• The social media team at GM’s number one job is not to be on social media, or engage with customers or humanize the brand. Of course, all of those things are vitally important, but they also are all leading to one thing: making each employee a salesperson. After all, as Mary pointed out, a primary goal as an employee of General Motors should be to sell cars. No matter what your role within a company or an organization, you should have a single-minded purpose: impact sales or support your issue in a positive way. If what you’re doing isn’t accomplishing that, it’s time to rethink how you’re spending your time.
  • GM is expanding its “social assistance staff” numbers as well as the days and hours they are available to help customers. If I recall correctly, she said they’d be up to 17 employees soon and will be online from early morning to late at night Monday through Saturday, and from noon to the early nighttime hours of Sunday. As Mary said, “If that’s where people are, that’s where we need to be.” They’ve also figured out something else at GM that many other companies haven’t yet. It’s not just about where the people are, it’s when the people are. Engaging with your customers or fans in the social media sphere is a nice touch. Since many people use social media more at home than at work, though, that means being available to engage on nights and weekends.
  • The number of active users on your Facebook page is a better measure than how many “likes” you have. Mary commented that engaged users aren’t people who just showed up to get a coupon. Think about how many company pages you like on Facebook or how many brands you’re following on Twitter. Evaluate that list honestly and I bet you’ll find that you were initially drawn to those pages because there was something used to entice you. The bigger question is, when was the last time you actually looked at that brand’s Facebook page or interacted with it on Twitter? My bet is that it has been awhile. That means that neither you nor the brand are getting anything out of the relationship. And relationships that are allowed to wither soon die and fall off the vine.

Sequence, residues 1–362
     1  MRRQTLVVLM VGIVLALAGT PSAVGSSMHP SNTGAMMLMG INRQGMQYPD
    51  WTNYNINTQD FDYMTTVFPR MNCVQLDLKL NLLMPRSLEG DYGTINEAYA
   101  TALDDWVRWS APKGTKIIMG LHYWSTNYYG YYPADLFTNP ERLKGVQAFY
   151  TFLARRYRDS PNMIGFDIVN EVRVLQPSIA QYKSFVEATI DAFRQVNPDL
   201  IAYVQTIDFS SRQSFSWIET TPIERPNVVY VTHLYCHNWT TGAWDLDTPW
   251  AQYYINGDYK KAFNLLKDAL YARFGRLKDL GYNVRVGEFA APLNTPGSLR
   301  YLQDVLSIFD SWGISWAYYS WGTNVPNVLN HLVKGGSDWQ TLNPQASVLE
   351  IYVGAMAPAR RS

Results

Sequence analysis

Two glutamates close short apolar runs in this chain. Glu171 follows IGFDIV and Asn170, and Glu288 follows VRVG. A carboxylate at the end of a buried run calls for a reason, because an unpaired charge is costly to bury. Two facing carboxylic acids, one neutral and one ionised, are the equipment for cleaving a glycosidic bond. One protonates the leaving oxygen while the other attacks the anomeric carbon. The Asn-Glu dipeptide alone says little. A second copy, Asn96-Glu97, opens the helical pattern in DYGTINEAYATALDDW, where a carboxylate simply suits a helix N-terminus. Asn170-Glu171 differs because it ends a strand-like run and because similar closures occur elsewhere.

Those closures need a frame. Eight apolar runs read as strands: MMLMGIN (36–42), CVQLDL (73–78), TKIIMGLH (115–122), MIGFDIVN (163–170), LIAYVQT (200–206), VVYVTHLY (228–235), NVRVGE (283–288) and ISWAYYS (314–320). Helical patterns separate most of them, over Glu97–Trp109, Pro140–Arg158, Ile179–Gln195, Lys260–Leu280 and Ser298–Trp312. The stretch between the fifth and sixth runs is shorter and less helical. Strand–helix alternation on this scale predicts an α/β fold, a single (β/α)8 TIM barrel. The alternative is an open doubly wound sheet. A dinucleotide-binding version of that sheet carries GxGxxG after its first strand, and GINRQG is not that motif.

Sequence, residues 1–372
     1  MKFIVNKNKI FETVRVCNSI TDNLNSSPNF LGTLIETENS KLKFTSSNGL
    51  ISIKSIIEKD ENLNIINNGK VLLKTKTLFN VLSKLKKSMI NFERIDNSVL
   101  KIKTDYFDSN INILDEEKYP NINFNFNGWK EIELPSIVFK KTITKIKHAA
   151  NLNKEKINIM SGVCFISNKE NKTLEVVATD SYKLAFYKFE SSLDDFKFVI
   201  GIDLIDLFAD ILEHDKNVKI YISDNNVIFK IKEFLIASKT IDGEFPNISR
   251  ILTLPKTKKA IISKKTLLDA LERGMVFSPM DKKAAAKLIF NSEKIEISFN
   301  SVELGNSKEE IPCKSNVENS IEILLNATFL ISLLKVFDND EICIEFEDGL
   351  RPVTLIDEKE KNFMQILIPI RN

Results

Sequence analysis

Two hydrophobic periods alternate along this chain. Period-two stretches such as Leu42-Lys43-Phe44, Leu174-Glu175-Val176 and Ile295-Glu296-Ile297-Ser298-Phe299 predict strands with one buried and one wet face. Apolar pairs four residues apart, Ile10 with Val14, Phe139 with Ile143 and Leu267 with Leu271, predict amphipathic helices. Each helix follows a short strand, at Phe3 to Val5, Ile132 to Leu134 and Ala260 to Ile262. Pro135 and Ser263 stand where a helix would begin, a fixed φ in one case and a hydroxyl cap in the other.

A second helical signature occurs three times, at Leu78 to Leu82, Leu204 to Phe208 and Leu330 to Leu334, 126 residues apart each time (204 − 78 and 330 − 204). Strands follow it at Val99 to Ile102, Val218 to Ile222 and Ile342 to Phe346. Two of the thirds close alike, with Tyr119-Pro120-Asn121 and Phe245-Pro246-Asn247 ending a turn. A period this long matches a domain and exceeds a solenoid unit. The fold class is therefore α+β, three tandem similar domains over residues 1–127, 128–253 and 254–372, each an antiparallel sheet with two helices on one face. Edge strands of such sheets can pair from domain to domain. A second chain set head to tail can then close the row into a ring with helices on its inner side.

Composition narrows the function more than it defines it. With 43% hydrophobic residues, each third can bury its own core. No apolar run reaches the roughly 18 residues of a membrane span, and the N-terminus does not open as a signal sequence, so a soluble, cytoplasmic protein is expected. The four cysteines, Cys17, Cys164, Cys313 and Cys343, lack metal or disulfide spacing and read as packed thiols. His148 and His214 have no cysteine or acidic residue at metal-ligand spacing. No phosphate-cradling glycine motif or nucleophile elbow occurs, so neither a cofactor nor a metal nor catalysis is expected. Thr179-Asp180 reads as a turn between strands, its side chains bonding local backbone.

• In addition to being the front line of humanizing the brand, Mary said the social web employees act as the proverbial canary in the coal mine when a crisis occurs, “because we hear about it first.” Humanizing the brand, engaging with customers, improving relationships — these common buzz phrases are all important to a brand’s presence on social media. But one of the most valuable tools you can provide your bosses is being a listening post. By spotting a crisis as it starts to unfold, you just might prevent it from being more than a minor problem that could have been a crisis if not caught early on. People are talking about your brand, your company, your organization and your product. Just because you aren’t listening to them doesn’t mean they don’t want you to hear them. As Mary pointed out, even those people who are complaining about you publicly can still be saved because you can engage with them and maybe turn them around. “It’s the people who don’t talk about you at all that are indifferent,” she said.
General Motors certainly seems like a brand that “gets it” when it comes to dealing with customers and potential customers on the social web. So go search them out — there is a social presence for GM, its brands and its individual vehicles all over the social media spectrum. And if you have any trouble finding what you’re looking for, just start talking about it publicly and they’ll find you. After all, they are eager to humanize the brand, engage with you — and sell you a car.